What the Heck Is It?


Gin was created by Dr. Franciscus Sylvus, a Dutch chemist, in the 16th century as an attempt to cleanse the blood of those suffering from kidney disorders. Sylvus named his creation genièvre, French for juniper. Mass production of gin in England soon followed as King William III used his grudge against France to ban expensive liquor imports from that country and made gin affordable for the masses.


Gin is a light-bodied, liquor made of a mash of cereal grain, usually corn, rye, barley and wheat that has few congeners. The main flavor and aroma notes are contributed by juniper berries. Other botanicals that are often used in gin include coriander, lemon and orange peels, fennel, cassia, anise, almond and angelica. Gin ranges between 80 and 94 proof and manufacturers cannot, by law, qualify their gin by age.

London Dry Gin:

London Dry is the benchmark of quality in the world of gin. The flowery and aromatic characteristics of this type of gin are a result of botanicals added during the 2nd or 3rd distillation. The vapors from these flavoring agents reach the alcohol as they pass through a specialized still with an attachment called a gin head. Dry gins are preferred for making Martinis.

Plymouth Gin:

Plymouth Gin is a clear, slightly fruity, full-bodied gin that is very aromatic. This style of gin originated in the port of Plymouth on the English Channel, but only one distillery, Plymouth, Coates & Co., has the right to produce Plymouth Gin now. A few cocktails like an Admiral Benbow and Douglas Fairbanks Cocktail specifically call for Plymouth Gin.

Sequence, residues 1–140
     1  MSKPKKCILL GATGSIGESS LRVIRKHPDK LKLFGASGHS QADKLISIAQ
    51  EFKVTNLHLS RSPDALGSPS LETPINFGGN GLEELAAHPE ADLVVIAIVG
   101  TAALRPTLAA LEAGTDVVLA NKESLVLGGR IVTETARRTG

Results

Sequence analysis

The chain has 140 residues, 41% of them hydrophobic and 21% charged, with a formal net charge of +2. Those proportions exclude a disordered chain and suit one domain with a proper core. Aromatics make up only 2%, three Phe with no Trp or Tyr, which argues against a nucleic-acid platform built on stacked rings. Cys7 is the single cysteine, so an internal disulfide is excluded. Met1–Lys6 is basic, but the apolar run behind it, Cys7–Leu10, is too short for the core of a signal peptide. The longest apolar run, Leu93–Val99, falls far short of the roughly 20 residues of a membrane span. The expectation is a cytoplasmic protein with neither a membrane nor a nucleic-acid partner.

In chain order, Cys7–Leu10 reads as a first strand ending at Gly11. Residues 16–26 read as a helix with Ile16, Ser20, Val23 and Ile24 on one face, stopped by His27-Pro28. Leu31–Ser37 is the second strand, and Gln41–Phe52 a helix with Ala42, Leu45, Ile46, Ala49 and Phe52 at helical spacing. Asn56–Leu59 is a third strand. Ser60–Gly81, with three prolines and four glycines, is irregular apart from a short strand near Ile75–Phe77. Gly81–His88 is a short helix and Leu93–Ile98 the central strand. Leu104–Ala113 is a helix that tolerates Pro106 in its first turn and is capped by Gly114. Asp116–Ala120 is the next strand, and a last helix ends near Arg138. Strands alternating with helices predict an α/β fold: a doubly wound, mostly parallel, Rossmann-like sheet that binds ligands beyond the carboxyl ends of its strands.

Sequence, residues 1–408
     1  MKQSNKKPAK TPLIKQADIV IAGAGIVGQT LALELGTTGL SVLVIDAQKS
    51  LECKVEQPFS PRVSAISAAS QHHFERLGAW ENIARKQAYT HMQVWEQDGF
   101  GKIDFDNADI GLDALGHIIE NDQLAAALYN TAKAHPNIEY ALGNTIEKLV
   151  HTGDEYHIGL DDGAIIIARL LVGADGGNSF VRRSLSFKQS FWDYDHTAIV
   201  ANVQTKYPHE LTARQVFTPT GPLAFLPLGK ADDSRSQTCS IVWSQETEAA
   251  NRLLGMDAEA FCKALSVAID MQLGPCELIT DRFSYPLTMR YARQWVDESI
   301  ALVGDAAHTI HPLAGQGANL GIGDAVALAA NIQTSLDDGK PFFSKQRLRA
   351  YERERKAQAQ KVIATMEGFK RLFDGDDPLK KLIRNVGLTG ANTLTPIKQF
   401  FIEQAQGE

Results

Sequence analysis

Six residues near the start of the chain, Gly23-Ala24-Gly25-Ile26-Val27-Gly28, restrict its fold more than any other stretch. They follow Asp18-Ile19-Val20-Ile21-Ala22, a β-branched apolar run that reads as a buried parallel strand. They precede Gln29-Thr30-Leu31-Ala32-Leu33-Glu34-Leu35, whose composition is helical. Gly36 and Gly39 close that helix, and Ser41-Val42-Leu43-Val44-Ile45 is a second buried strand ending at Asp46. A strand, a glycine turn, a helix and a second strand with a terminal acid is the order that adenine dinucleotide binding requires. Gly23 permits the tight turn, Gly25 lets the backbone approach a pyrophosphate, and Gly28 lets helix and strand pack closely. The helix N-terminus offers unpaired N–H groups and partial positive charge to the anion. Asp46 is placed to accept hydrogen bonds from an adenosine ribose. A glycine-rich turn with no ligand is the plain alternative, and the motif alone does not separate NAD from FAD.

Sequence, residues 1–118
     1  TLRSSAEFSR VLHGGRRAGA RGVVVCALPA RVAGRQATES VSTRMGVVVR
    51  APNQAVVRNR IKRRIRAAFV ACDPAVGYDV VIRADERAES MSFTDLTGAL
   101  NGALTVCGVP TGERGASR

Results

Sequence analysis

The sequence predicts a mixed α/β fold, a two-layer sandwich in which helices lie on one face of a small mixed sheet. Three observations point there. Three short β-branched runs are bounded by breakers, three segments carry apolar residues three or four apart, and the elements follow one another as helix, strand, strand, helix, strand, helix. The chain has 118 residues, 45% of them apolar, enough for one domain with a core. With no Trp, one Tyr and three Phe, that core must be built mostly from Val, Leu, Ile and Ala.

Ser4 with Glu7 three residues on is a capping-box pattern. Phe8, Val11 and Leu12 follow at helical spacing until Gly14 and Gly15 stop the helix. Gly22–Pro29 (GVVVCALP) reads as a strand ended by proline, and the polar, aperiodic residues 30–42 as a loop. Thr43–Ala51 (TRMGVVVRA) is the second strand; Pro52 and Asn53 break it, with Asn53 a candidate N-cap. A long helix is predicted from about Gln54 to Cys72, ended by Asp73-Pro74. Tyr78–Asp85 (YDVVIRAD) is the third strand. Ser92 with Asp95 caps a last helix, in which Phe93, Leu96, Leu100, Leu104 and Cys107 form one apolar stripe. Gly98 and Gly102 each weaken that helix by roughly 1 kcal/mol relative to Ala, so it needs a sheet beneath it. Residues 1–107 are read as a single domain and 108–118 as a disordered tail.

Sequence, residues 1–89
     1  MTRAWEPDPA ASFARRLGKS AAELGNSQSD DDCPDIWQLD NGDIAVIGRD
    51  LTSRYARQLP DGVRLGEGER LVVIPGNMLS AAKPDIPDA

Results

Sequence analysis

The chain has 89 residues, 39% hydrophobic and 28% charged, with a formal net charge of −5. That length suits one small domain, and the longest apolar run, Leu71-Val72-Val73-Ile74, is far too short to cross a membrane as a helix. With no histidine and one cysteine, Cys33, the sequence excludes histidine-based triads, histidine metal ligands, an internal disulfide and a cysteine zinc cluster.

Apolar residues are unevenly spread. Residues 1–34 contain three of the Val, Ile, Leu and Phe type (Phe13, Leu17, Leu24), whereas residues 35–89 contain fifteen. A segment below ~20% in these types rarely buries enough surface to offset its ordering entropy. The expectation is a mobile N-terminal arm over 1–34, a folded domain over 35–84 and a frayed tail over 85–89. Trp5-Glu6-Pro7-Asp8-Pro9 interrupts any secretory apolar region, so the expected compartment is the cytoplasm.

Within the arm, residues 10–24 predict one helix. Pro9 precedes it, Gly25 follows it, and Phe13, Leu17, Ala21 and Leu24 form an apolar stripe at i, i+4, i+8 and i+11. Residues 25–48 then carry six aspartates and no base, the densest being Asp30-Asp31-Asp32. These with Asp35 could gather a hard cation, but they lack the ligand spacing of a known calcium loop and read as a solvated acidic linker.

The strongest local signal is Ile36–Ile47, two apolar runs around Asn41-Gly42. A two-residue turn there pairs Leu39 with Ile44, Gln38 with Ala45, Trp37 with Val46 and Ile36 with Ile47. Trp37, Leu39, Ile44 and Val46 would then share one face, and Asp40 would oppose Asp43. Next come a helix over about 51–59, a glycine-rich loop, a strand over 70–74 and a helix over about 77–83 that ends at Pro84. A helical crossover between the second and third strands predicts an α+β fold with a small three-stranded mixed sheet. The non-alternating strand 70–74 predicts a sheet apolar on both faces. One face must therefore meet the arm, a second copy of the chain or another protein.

Old Tom Gin:

Old Tom Gin is a sweeter version of London Dry Gin. Simple syrup is used to distinguish this old style of gin from it's contemporaries. Old Tom was the original gin used for Tom Collins and the gin of choice in the 19th century. Eventhough it was unavailable in the United States as of the 1950's, Old Tom Gin is still sold in England.

Dutch or Genever Gin:

Genever Gin, or Schiedam, is the Dutch version of gin. This variety is distilled from malted grain mash similar to whiskey and tends to be lower proof (70-80 proof) than it's English counterparts. Genever Gin is often aged in oak casks for 1-3 years and comes in two styles. Oude (old) Genever is the original style with a straw hue and is relatively sweet and aromatic, while Jonge (young) Genever has a drier palate and lighter body. Enjoy Genever in cocktails like Sweet City.

Gin Cocktail Recipes